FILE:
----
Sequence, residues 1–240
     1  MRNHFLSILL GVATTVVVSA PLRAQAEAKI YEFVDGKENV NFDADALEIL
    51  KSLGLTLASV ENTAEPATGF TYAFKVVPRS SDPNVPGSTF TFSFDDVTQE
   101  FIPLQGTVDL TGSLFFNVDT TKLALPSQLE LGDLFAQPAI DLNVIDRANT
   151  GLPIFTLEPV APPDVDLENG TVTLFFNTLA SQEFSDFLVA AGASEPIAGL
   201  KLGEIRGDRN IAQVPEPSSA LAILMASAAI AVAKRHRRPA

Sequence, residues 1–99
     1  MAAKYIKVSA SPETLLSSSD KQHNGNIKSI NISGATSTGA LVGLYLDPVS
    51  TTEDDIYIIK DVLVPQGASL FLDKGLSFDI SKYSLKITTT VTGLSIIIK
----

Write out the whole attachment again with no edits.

Sequence, residues 1–240
     1  MRNHFLSILL GVATTVVVSA PLRAQAEAKI YEFVDGKENV NFDADALEIL
    51  KSLGLTLASV ENTAEPATGF TYAFKVVPRS SDPNVPGSTF TFSFDDVTQE
   101  FIPLQGTVDL TGSLFFNVDT TKLALPSQLE LGDLFAQPAI DLNVIDRANT
   151  GLPIFTLEPV APPDVDLENG TVTLFFNTLA SQEFSDFLVA AGASEPIAGL
   201  KLGEIRGDRN IAQVPEPSSA LAILMASAAI AVAKRHRRPA

Sequence, residues 1–99
     1  MAAKYIKVSA SPETLLSSSD KQHNGNIKSI NISGATSTGA LVGLYLDPVS
    51  TTEDDIYIIK DVLVPQGASL FLDKGLSFDI SKYSLKITTT VTGLSIIIK